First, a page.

I live in a house that I did not build. But it is the house I have inherited and for which I am now responsible. I have a story to tell about how I got here and what racism and white supremacy have done to me and others. You have a story, too. And we need to talk to each other, to share openly, to hold each other accountable. This process of raising awareness, self-reflection, and taking action in response to understanding is what’s known as “becoming woke.”
How does this “becoming woke” process unfold?
Understand that I can only speak for myself. I am sharing my own journey more to be descriptive rather than just prescriptive. I do, however, offer suggestions for undertaking your own journey and welcome the stories and suggestions of others from their journey.
In a previous post, I described my memory of the first time someone had a conversation with me about race. I was eight years old, and my third-grade teacher turned an embarrassing moment into a teachable moment. It was education that began my journey of awareness.
But it wasn’t until I was required to attend a workshop in seminary on racism awareness training that I started to grapple with my own personal racism and how it connects with systemic and institutional racism. It was an uncomfortable experience to say the least. At the beginning of the workshop, I felt like I was being put on trial and held accountable for sins that I had not committed. I didn’t own slaves. I didn’t lynch black people. I’m a good person. This trainer doesn’t know me! How can she say that I’m racist just because I’m white!
Then she put up this equation.
Racism = Prejudice + Power/Privilege
I had to admit to myself that I did experience prejudice. I did (and still do) succumb to stereotyping people in my mind. However, the trainer explained, all people pre-judge. It’s a normal social and personal mechanism for assessing people. But it becomes a problem when one group is invested with social, economic, political, and military power that enables the prejudices to become normalized, embedded, and encoded in ways we might not be aware of. This is especially the case if you are a member of the group that has the power and privilege. It’s the water we swim in, but are not conscious of. Nevertheless, this power and privilege enables people to act on their prejudices in harmful and even deadly ways.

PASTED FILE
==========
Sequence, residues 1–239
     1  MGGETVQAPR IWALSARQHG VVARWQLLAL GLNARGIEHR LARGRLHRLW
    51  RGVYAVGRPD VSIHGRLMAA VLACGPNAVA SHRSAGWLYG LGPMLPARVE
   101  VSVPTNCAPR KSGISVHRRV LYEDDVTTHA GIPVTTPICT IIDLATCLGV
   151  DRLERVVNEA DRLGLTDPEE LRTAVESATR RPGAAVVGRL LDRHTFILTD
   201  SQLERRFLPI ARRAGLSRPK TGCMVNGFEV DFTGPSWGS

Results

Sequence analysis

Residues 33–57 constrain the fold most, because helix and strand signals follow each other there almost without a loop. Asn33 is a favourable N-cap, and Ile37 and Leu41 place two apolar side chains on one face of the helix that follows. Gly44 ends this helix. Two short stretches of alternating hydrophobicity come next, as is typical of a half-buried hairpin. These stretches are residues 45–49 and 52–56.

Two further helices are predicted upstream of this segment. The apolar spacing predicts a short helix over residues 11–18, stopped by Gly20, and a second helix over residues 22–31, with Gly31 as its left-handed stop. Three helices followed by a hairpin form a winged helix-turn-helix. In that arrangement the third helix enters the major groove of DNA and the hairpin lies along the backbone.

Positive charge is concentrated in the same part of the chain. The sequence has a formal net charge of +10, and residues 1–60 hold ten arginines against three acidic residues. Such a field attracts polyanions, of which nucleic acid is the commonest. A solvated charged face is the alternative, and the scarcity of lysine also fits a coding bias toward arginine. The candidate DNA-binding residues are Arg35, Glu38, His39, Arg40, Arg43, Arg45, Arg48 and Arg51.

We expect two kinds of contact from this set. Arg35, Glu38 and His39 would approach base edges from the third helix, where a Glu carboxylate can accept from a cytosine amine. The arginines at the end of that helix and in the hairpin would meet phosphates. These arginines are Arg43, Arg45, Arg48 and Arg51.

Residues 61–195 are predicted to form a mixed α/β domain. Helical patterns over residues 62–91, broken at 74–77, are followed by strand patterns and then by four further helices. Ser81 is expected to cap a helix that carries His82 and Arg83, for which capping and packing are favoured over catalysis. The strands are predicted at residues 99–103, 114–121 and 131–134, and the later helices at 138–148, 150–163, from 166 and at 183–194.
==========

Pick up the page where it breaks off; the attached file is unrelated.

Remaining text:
Even as this was explained to me, I protested in my mind and aloud. What power do I have? I don’t hold political office. I don’t employee people. I wasn’t yet a pastor. I have no power. What is she talking about?
Then we each filled out a questionnaire to help us understand the power and privilege (or lack thereof) that each of us has inherited due to our skin color. It covered many of the subtle and not-so-subtle instances of institutionalized and cultural racism that happen every day, but that I am immune to because I am white. Again, it was education that began to open my mind.
But here’s what really opened not just my mind, but my heart to become woke.